Arab Legion

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Arab Legion


army units of Transjordan (from 1946, Jordan), 1921–1956, created by the British mandate authorities.

The legion was supported by British subsidies; from 1921 to 1956 it increased from 100 men to 23,000. The actual commanders-in-chief were British officers (Peake from 1921 to 1939, General J. B. Glubb from 1939 to 1956). The legion participated in the suppression of an anti-British uprising in Iraq in 1941 and in the Arab-Israeli war of 1948–49; it was used to suppress the national liberation movement in Jordan as well. After Glubb was expelled from Jordan (Mar. 2, 1956, during an upsurge of the liberation struggle), Englishmen were dismissed from the legion, command passed to Jordanian officers, and the legion was renamed (July 1956) the Arab Army of Jordan.


Glubb, J. B. The Story of the Arab Legion. London, 1948.
Glubb, J. B. A Soldier With the Arabs. London, 1957.
Lias.G. Glubb’s Legion. London, 1956.
References in periodicals archive ?
The Muslim soldiers of Sir John Bagot Glubb's Arab Legion and France's Tirailleur, Goumier and Spahi regiments fought loyally against the Axis in the Middle East, North Africa, Italy and Western Europe.
Qasim was born in 1939 in Al-Zarqa in northern Jordan, where his father served in the Arab Legion.
1956: King of Jordan sacks British general King Hussein of Jordan has sacked the British commander of the Arab Legion in what is being seen as an effort to strengthen his own position within the Arab world.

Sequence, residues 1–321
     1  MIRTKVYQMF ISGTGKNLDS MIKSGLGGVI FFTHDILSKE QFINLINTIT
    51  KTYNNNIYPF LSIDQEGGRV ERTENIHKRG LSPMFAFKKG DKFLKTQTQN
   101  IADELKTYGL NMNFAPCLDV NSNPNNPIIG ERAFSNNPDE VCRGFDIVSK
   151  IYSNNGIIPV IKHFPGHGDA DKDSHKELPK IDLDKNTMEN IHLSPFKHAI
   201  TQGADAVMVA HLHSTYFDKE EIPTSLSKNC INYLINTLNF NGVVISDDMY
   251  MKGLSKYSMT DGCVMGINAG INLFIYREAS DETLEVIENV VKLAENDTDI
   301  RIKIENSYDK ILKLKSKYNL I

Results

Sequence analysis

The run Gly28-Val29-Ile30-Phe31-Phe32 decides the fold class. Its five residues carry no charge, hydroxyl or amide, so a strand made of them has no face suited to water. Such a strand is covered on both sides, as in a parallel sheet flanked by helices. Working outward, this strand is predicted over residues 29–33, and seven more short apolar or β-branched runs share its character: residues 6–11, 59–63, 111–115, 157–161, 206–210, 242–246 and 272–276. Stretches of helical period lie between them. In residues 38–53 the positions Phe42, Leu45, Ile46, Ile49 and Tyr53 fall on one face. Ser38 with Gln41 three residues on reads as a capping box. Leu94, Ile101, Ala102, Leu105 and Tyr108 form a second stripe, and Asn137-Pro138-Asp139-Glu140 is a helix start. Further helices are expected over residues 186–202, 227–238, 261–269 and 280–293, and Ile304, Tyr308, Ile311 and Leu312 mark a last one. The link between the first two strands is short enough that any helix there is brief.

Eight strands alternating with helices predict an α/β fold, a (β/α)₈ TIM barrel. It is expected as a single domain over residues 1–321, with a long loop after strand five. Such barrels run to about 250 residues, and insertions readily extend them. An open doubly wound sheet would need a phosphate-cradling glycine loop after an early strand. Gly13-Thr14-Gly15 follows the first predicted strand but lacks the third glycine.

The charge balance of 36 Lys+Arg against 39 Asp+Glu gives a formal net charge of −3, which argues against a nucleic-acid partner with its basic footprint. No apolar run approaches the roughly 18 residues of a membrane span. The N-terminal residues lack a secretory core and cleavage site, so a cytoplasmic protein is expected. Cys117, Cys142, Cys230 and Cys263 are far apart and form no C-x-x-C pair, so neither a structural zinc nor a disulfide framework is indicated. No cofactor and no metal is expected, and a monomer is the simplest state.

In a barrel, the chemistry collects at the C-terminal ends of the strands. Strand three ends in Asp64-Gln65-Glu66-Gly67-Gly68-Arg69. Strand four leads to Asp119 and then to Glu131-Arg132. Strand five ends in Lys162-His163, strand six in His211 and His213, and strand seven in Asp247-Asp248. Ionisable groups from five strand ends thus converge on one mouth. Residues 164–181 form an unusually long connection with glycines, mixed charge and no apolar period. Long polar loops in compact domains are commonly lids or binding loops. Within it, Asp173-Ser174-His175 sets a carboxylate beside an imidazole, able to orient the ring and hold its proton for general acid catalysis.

Abdullah al-Tall, Arab Legion Officer; Arab nationalism and opposition to the Hashemite regime.
Bar-On relates that "in only forty-seven minutes of fighting, Dayan's battalion breached Lod's defense lines, crossed the village to the outskirts of the neighboring Arab town of Ramleh [ten miles southeast of Tel Aviv], and returned under a downpour of fire from Arab Legion fighters.
The Jordanian National Guard, which is financed by the Arab Legion and composed of Palestinian and Jordanian volunteers, would come under the Joint Command, but the Arab Legion (Jordan's regular army) would not, Syrian sources said.
There was no way of avoiding the use of force and warning shots in order to make the inhabitants march the ten or fifteen miles to the point where they met up with the Arab Legion.
The Trans-Jordan Arab Legion commander-in-Chief, John Bagot Glubb, called the 1948 war "the Phony War".
Realizing the need for a reliable security force, he created the fabled Arab Legion which was commanded by Maj.
Apart from proving that Lebanese-Syrian relations could be as awful in the 1940s as they could be in the 1990s, he was an assiduous spy, nurturing his agents in Jordan in 1956 to find out why the young King Hussein had fired the British commander of the Arab Legion, Glubb Pasha.

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